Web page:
• People skills, as stated, are invaluable on the job. Keep up with policies in your work environment (harassment, confidentiality, etc.) in addition to gaining the trust of those who depend on you.
    • If you're familiar with another language or two (in the US, Spanish and prominent Asian languages will be the most useful), stay on it. If it's not incredibly useful already, it will be.
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    Be prepared for dangerous situations. Most of the time you'll be working with people that only have minor offenses to their name.[5]</ref> Those on probation will be first-time offenders and those that aren't doing jail time (hopefully). That being said, that doesn't mean you won't get put into situations that aren't slightly threatening. You probably will. And if you know that's in the cards, you can prepare yourself.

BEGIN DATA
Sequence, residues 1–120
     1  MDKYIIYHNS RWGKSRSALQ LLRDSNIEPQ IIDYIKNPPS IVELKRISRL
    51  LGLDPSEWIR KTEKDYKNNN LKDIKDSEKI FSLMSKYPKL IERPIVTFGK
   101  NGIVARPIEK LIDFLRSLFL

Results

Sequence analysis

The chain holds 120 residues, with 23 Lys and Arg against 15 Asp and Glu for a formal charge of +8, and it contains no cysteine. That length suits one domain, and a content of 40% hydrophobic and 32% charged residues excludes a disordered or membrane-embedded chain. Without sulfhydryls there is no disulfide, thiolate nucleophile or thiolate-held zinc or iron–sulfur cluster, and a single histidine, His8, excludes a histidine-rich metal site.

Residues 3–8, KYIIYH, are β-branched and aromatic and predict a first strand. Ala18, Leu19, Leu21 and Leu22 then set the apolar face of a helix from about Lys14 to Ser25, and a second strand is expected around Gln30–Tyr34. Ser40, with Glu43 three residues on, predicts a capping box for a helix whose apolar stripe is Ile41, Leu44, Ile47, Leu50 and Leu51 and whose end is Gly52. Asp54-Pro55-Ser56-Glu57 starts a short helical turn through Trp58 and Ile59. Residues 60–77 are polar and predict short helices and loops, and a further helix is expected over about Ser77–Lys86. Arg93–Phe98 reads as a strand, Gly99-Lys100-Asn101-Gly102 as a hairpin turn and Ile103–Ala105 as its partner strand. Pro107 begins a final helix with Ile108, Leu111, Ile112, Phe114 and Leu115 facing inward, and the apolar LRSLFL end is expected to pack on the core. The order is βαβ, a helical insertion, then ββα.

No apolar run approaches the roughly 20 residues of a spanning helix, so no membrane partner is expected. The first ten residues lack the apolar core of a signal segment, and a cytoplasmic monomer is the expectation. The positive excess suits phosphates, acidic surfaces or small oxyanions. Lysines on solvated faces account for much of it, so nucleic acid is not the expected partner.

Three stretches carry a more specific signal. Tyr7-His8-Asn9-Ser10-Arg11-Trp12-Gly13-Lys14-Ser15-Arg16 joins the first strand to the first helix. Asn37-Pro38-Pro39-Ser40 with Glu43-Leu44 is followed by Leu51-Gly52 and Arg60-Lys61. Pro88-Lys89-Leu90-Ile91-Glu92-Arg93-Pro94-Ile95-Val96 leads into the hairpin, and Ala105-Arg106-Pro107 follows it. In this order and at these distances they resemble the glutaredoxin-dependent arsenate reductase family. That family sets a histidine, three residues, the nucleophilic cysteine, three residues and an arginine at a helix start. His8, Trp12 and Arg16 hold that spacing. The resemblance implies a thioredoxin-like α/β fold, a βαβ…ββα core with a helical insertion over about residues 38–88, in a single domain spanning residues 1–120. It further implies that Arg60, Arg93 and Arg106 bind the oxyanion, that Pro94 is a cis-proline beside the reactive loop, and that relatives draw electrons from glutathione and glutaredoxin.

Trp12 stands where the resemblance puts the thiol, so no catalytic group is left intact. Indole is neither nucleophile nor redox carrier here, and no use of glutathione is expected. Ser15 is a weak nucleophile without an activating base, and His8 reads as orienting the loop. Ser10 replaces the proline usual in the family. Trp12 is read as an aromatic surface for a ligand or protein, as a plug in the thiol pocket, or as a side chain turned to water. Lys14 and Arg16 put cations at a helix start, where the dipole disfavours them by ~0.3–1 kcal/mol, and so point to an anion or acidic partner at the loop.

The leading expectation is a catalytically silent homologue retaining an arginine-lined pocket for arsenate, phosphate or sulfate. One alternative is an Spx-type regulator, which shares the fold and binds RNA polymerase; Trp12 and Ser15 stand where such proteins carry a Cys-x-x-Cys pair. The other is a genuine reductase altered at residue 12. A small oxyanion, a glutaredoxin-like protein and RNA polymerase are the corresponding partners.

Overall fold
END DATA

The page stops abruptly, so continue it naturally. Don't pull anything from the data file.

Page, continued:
• You'll be wandering through your fair share of halfway homes or houses, decrepit parts of town, and just in general not being around, well, the most trustworthy of folks. You may find that people don't like you just because of your job title. Things can get heated. Never resort to violence if you don't absolutely have to.
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    Check up on your parolees. A large part of your job as a probation officer will be to run constant check up on your offenders. You'll be doing interviews, seeing how they're doing, making sure they're on the right track, helping them pay fines, pointing them in the right direction, and finding them opportunities in addition to running urine tests and the like. This won't always be fun, but it can be rewarding when you see someone who's turned around and living life to the fullest.